The Standard and Poor’s 500, or simply the S&P 500, is a stock market index tracking the performance of 500 large companies listed on stock exchanges in the United States. It is one of the most commonly followed equity indices. As of December 31, 2020, more than $4.6 trillion was invested in assets tied to the performance of the index.
The S&P 500 index is a free-float weighted/capitalization-weighted index and the 10 largest companies in the index account for 26.4% of the market capitalization of the index. The 10 largest companies in the index, in order of weighting, are Apple Inc., Microsoft, Alphabet Inc. (counting both class A & C shares), Amazon.com, Facebook, Tesla, Inc., Berkshire Hathaway, JPMorgan Chase & Co., and Johnson & Johnson. For a list of the components of the index, see List of S&P 500 companies. The components that have increased their dividends in 25 consecutive years are known as the S&P 500 Dividend Aristocrats.
S&P 500 Sectors
The leading sector in S&P 500 companies is Consumer Discretionary. Consumer Discretionary products are luxury items or services that are not necessary for survival. The demand for these items depends on economic conditions and the wealth of individuals. Products include cars, jewelry, sporting goods, and electronic devices. Luxury experiences include trips, stays at hotels, or dining in a posh restaurant. Most companies in this sector are easily recognized. Some examples include Starbucks, Best Buy, and Amazon.
S&P Dividend Yield
During the 90 years between 1871 and 1960, the S&P 500 annual dividend yield never fell below 3%. In fact, annual dividends reached above 5% during 45 separate years over the period. Of the 30 years after 1960, only five saw yields below 3%. The sharp change in S&P 500 dividend yield traces back to the early to mid-1990s. For example, the average dividend yield between 1970 and 1990 was 4.03%. It declined to 1.90% between 1991 and 2007. After a brief climb to 3.11% during the peak of the Great Recession of 2008, the annual S&P 500 dividend yield averaged just 1.97% between 2009 and 2019.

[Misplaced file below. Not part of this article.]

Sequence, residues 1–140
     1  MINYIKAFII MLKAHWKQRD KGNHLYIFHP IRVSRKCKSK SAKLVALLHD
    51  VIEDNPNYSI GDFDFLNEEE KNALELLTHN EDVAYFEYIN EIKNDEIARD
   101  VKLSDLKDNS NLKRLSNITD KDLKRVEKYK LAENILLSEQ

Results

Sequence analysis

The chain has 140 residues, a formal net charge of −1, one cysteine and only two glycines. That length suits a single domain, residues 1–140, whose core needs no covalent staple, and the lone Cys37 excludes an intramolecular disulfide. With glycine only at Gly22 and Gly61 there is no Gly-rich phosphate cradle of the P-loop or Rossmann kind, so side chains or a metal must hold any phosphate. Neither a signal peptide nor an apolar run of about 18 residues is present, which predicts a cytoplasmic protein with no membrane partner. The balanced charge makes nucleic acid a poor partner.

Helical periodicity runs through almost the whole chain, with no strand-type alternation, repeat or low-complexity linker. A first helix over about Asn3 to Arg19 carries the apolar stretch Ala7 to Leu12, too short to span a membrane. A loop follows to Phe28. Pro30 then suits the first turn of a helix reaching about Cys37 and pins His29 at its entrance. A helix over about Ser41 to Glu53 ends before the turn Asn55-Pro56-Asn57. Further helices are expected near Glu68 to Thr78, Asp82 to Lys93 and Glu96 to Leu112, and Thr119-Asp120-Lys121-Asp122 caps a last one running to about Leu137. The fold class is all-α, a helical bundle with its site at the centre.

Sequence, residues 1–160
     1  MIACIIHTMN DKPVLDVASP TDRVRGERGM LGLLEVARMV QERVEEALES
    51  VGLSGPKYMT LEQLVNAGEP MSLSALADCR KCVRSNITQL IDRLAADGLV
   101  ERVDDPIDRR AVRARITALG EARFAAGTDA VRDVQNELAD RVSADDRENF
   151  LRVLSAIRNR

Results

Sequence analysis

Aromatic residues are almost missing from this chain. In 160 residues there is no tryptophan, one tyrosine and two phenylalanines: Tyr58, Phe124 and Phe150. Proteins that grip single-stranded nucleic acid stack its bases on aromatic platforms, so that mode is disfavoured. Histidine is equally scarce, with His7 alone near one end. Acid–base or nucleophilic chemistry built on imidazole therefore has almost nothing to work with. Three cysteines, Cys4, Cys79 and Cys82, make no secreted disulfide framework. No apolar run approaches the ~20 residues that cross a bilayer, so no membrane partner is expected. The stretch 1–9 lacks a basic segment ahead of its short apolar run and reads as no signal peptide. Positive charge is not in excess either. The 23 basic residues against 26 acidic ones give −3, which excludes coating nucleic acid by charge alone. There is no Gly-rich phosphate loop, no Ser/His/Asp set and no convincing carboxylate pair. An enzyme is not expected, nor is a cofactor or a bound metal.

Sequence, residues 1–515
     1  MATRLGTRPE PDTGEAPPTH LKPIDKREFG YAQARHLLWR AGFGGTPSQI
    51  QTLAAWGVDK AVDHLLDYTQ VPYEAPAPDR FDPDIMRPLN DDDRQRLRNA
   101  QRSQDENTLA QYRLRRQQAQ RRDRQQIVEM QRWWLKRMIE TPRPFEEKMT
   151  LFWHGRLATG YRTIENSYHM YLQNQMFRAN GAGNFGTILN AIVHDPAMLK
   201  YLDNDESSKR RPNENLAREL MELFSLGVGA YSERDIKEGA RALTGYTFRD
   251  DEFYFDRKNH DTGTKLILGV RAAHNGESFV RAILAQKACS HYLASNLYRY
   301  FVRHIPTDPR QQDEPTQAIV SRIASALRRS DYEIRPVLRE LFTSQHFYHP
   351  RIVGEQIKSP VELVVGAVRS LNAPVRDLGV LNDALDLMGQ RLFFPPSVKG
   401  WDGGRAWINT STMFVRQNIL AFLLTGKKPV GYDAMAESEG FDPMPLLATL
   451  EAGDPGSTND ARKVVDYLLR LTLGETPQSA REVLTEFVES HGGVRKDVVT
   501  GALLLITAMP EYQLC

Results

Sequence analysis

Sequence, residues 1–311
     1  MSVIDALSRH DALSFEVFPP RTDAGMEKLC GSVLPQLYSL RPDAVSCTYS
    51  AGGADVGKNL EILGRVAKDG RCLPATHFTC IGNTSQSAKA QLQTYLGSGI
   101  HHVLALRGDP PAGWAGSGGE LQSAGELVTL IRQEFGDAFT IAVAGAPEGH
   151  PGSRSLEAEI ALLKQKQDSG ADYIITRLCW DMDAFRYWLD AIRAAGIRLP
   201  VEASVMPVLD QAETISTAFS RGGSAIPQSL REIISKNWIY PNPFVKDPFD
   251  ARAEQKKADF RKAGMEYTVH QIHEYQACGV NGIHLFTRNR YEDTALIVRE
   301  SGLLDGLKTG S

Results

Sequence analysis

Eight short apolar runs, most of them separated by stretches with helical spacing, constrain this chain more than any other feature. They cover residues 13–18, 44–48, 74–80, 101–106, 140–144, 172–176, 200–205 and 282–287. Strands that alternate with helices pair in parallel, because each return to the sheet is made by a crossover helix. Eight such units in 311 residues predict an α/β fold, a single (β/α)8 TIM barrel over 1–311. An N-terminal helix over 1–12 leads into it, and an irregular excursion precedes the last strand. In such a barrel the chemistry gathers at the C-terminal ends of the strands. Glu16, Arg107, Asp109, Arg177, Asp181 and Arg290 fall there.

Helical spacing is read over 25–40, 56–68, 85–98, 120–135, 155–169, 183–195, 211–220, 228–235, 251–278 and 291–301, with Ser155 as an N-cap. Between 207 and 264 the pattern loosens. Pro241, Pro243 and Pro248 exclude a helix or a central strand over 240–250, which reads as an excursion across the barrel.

S&P 500 Market Capitalizations
By design, the S&P 500 includes only large companies. Only the biggest companies with massive market capitalizations ($9.8 billion or more) are included—think of large firms such as Apple, Microsoft, Amazon.com, Facebook, and Alphabet, the parent company of Google.2 One could argue that the S&P 500 is 100% weighted toward large-cap firms, though many of the biggest firms would technically be considered mega-cap.
Investing in the S&P 500 through a low-cost index fund can provide a very strong base for most stock portfolios. But to get broad diversification among market caps and sectors, it may help to expand your reach.
Fortunately, there are mutual funds and exchange-traded funds (ETFs) that provide exposure to whatever you may be seeking. An investor who is looking to boost their portfolio by purchasing small-cap stocks can buy shares of an index fund designed to mirror the Russell 2000. If you want to invest more in financial stocks, you can access funds comprising a wide range of banks and financial services firms.
There are also mutual funds and ETFs that offer broad exposure to the entire stock market, including all market caps and sectors. Vanguard’s Total Stock Market ETF and the S&P Total Stock Market ETF from iShares are two popular examples.